Vicarious Liability and its scope has broadened somewhat of late. It most commonly occurs when an employee has acted in a negligent way or manner for which the employer will be held responsible, as Adrian Samuel from our Litigation Team explains.
If your receptionist puts your customer in a headlock you could well be liable for that.
Would that surprise you?
Think about it. Your receptionist comes in every day and is a mild-mannered person. But on this particular day a customer starts causing a rumpus and just won’t shut up. The receptionist (being bombarded with calls at the same time as having to deal with this customer who seems to have some kind of bee in his bonnet) vaults the reception desk and puts the customer in a headlock.
A month later you get a nastily worded letter from a hot shot law firm threatening a claim for big money for the neck injury, cranial bruising and cut lip and broken front teeth of the (now rather less vocal (on account of the injury!)) customer.
I can imagine the reaction might initially be laughter then annoyance a good deal of anger and then fear.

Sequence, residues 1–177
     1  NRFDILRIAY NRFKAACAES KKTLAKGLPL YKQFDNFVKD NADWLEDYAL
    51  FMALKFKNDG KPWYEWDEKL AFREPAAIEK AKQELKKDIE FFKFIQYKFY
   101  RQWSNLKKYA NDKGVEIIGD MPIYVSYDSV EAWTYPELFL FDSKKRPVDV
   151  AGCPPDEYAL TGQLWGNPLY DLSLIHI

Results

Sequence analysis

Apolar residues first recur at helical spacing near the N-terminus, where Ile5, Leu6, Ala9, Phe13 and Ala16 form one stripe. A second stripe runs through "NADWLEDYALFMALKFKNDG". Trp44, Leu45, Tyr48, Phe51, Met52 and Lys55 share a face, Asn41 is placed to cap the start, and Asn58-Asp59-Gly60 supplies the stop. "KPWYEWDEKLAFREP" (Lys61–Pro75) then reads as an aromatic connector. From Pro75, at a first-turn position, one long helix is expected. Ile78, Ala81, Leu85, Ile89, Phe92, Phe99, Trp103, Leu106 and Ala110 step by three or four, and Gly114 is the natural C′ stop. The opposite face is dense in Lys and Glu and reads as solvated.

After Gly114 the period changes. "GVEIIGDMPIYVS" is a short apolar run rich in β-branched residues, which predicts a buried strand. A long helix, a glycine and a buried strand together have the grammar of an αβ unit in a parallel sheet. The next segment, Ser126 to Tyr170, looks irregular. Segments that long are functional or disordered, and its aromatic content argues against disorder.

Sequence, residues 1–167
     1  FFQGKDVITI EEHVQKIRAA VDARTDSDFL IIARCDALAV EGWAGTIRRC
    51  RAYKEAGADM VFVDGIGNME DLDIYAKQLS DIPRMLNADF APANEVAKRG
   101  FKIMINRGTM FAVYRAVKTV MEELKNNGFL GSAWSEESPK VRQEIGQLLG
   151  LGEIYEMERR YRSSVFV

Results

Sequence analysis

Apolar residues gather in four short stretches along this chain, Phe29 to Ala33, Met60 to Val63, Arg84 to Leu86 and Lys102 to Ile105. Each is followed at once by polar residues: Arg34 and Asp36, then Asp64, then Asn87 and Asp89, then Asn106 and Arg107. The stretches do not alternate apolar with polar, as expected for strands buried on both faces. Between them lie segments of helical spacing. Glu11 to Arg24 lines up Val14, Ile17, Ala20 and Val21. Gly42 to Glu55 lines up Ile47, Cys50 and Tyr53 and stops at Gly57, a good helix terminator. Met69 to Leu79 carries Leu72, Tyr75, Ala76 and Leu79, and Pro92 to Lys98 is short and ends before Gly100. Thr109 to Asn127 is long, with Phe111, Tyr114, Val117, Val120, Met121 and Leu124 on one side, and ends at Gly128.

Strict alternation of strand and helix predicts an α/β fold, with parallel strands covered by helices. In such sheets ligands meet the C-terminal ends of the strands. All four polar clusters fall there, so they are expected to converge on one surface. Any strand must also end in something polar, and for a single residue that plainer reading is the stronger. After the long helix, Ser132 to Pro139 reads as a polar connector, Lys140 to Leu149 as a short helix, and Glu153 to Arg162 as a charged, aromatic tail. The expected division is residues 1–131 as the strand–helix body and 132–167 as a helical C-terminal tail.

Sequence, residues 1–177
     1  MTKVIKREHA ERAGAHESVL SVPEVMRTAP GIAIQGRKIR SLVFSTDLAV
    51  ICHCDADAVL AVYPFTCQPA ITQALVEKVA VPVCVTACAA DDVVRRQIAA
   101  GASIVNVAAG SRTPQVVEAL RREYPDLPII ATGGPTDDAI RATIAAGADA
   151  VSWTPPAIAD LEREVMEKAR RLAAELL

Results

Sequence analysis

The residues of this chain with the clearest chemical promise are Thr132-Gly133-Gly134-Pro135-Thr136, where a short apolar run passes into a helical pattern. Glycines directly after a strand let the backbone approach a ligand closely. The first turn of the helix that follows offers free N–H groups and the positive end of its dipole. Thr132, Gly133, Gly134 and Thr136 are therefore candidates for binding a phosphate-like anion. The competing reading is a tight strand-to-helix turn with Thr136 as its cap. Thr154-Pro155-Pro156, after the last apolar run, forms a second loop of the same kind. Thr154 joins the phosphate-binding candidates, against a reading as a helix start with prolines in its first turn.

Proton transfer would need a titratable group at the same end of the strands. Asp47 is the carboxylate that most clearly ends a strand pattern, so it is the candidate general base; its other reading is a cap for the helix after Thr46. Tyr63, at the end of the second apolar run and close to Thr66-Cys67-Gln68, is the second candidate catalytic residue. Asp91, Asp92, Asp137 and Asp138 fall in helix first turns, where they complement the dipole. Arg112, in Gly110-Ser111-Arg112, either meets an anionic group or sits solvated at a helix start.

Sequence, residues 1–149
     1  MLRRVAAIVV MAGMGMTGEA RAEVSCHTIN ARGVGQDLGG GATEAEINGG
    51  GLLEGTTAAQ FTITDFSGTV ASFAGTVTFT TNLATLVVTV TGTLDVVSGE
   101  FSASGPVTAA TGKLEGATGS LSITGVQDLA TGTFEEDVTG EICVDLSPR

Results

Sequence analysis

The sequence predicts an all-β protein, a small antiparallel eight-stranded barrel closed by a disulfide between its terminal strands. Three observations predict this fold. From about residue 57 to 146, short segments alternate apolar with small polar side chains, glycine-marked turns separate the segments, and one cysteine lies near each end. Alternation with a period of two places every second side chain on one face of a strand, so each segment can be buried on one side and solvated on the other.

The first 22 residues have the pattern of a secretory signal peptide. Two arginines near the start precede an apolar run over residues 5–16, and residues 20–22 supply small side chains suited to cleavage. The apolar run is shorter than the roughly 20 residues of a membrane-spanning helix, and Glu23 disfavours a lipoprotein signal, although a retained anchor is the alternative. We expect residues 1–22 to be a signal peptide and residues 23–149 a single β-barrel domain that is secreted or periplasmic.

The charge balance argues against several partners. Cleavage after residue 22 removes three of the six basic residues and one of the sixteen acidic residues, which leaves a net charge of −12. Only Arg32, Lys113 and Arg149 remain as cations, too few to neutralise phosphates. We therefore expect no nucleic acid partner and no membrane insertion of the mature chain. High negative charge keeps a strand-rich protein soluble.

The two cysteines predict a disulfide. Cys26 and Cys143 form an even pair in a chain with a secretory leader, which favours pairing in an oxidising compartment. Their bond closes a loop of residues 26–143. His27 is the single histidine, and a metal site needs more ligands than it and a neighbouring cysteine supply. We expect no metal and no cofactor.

- You would be right to be fearful.
- You had better notify your insurers.
- You are probably going to be liable.
What?! A member of staff does something they are not employed to do, something entirely outside what they would do as part of their usual work routine and on top of that they have assaulted someone….and I am responsible for that? What the…*.
Courts are saying these days that such acts (of employees, owners, directors) which are “sufficiently connected” to the work can render you vicariously liable.
Vicarious liability is a really interesting area of developing law and you had better watch out…no really. If the court thinks the connection test is made out and it is “just and reasonable” to make you pay – then pay you will.
The most recent case in which an MD walloped an employee at an “after party” causing him serious brain damage was perhaps circumstantially very unique but a sure sign that the risks are there day in and day out.
What can you do? Make sure your insurances cover you for such things arising out of the employment relationship……and otherwise.